How to Approach the Divine
Wow! I’m back after an amazing 2 weeks in New Mexico with one of the most amazing men I’ve ever had the honor to meet, Martin Prechtel.
Every 6 months, I get to go off the grid and drop deep into the magic that unfolds in his school, Bolad’s Kitchen.
And while I’ve continually felt that the mysteries and rich tapestries of indigenous origins that Martin weaves together with us is an absolutely lovely layer that expands and magnifies my work in the world, I was really amazed to see how much overlap there was in our last session together.
One of the biggest pieces that we focused on this past time was approach. What does that mean exactly?
Check out this week’s inspiration here to get the scoop.
From my perspective, everything comes down to relationship. How we relate to ourselves, our loved ones, the elements that keep us alive, and the Holy.
And I’ve found that as I refine how I relate to myself and the Holy, the effects tend to echo out and impacts all other relationships in my life.
In the beginning of all relationships and all interactions, there is the time in which we approach with a desire. What desire we hold in our hearts, and how we make that connection is the foundation for how that relationship and that interaction will unfold.
If someone comes to me with a sense of entitlement, I’m not very likely to open up my treasure trove of wisdom and kindness for them. If someone comes to me with flowery words to stroke my ego and a self-serving agenda, I’m likely to smile, grit my teeth, and say “no thank you.” If, however, someone comes to me with an open heart and a recognition that connection is a gift, not a right, and demonstrates in some way that they really see me and my offerings with respect and gratitude, then I am likely to flood them with all I’ve got to give.
I don’t think the Holy is any different. Constant requests for help, forgetting to say thank you, forgetting to say please, or forgetting altogether that to be in communion with Divine Source is the ultimate offering are great ways to get a not so generous response from the elements we are invoking to help us with our limited ways as human beings.
There is no way I could or would attempt to teach the methods of approach that Martin so graciously unfolds for us, but I can share with you what it has looked like in my life.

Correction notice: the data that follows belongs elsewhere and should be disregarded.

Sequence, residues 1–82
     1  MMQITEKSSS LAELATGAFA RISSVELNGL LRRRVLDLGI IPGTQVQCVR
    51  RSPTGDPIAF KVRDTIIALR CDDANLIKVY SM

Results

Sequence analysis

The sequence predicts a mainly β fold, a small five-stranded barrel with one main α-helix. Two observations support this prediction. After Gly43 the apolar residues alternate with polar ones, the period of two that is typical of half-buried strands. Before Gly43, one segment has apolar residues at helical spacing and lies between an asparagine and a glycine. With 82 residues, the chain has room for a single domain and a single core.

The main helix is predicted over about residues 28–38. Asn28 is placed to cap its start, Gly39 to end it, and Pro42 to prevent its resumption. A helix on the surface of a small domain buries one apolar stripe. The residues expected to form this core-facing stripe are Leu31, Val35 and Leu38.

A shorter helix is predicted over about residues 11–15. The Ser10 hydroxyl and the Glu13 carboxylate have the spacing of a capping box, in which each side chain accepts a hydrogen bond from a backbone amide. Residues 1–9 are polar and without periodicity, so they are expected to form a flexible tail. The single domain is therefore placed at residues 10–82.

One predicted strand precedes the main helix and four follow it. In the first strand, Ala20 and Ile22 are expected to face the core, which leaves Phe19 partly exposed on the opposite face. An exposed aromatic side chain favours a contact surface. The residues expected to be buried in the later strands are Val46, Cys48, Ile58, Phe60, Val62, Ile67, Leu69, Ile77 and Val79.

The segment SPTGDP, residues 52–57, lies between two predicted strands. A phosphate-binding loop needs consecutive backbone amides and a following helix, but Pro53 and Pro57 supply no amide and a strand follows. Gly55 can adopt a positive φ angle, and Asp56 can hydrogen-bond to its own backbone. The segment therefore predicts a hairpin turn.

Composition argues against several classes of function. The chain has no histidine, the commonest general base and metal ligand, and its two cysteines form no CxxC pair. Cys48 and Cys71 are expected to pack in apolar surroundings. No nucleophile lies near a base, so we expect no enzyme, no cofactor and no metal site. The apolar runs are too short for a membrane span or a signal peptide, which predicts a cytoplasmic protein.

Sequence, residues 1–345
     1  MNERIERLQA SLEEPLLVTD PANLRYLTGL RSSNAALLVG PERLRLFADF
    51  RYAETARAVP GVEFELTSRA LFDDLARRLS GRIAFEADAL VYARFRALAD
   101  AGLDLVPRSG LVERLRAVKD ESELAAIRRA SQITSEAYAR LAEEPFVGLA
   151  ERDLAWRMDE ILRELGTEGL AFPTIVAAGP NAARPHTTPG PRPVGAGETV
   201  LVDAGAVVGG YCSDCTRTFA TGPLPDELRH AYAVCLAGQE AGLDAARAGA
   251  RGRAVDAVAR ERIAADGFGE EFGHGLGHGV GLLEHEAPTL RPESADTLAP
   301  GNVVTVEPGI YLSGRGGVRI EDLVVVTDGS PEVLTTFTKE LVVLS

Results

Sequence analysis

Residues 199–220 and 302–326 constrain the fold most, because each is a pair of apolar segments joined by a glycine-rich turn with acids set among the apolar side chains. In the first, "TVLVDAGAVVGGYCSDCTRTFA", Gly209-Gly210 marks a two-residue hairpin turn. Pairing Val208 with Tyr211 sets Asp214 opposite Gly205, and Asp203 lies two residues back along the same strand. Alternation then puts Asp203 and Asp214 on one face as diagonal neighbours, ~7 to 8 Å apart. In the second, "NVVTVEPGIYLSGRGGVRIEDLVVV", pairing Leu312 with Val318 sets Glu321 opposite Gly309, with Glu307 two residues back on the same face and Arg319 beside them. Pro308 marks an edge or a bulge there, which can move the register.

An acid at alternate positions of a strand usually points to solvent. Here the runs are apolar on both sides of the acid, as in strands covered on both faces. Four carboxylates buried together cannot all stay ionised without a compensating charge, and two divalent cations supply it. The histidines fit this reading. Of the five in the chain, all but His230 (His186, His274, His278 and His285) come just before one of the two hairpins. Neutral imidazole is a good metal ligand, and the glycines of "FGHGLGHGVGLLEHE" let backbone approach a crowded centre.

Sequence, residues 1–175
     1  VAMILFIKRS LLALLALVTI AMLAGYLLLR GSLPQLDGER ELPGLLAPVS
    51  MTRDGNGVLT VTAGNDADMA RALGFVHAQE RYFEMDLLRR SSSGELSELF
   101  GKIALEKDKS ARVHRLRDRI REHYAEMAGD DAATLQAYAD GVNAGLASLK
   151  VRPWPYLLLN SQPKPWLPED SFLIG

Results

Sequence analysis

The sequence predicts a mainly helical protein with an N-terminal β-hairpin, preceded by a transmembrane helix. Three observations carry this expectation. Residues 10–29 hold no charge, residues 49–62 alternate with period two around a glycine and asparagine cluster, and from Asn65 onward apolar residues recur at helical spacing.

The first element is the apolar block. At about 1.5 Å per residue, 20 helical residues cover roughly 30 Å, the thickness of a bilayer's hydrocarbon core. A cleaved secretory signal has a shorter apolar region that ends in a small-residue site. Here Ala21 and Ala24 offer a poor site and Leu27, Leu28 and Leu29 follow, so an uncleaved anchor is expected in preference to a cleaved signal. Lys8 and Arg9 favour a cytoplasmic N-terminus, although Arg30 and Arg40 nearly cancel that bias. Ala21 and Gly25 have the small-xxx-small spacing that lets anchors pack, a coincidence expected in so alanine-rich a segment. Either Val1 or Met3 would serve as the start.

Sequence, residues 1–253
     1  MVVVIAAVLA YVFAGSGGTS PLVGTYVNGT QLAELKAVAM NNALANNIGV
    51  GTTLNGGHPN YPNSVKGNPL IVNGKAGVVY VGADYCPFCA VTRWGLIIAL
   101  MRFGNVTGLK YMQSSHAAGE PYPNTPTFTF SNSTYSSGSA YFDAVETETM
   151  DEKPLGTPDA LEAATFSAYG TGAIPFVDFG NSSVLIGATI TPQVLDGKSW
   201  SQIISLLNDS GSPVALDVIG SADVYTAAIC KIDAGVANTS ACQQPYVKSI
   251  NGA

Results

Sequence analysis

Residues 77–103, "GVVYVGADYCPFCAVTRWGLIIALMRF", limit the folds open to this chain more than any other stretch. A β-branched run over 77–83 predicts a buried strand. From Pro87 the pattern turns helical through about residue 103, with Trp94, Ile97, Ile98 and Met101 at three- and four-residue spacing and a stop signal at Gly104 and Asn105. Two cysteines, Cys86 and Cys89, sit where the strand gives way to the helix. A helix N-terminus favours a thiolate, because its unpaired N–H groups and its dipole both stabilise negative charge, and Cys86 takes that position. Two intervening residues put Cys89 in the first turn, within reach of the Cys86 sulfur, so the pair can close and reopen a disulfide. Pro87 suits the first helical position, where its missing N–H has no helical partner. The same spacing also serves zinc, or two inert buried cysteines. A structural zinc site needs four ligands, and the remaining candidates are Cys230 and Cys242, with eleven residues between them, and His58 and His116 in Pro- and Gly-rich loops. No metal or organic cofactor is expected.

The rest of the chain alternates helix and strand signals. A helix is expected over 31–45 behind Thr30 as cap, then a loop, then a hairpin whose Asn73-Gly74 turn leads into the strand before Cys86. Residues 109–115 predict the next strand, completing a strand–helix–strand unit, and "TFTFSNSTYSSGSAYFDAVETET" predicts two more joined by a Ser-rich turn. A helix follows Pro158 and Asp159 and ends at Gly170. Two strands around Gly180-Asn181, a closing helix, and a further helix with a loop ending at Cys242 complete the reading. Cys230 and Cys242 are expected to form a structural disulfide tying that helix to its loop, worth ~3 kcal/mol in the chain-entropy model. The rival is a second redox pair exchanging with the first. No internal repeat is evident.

I’ve mentioned this before, recently, but emptying out first, before barging in on any sort of connection with someone is key. To approach anyone we honor, it’s a good idea to empty out of our own desires, needs, stories and projections so we can be present and listen.
Tuning in, listening, allowing resonance to happen is next. Starting to simply be aware of who this “other” is we want to engage with.
Then we want to ask “do I have your permission to take part in your experience?” WIth the Holy, I’ve never gotten a “no,” but I do feel the difference between plopping down on my meditation cushion at my altar with a busy mind and an agenda, instead of consciously entering into that space with the recognition that the Divine is there, more potent than any king or queen, and my internal and external noise and static impact the way in which I connect in. I’ve found that the Divine has infinite patience and compassion, but my experience is enhanced when I take a moment of conscious attunement to respectfully approach the deeper realms of awareness.
I’ve had the same experience with sacred instruments, like my didjeridoo. if I just pick it up and try to start to play, it is awkward and feels clumsy, but if I pick him up as I would a delicate and precious sentient being, take a moment to say “hello,” and just be with him, then start to breathe into him, and then slowly allow my attuned breath and energetic flow to move through, the sounds are elegant, beautiful and beyond my personal abilities because i have honored the magnificence of this magical being, rather than treating him like an object that is at my beck and call.
As one final note, I’ll add a quote from a dear brother, Jeff Wright, who is the backbone of Medicine Path Native American Church. He says “How do we keep something sacred? We treat it in a good way.” And for me, the way of approach is the first, and key step to starting a relationship that immediately invokes the Holy and invites a deeper experience than is possible when we forget to ask permission.
Well, I hope that landed well with you. I continue to forget, then remember, then forget again, and then remember again on deeper and deeper levels. It takes practice, but it’s oh so worth it!
Give it a shot and tell me what your experience is. Do you notice a difference between interactions as usual and taking a moment to follow the steps I’ve offered above? Leave your comments in the comments section below.
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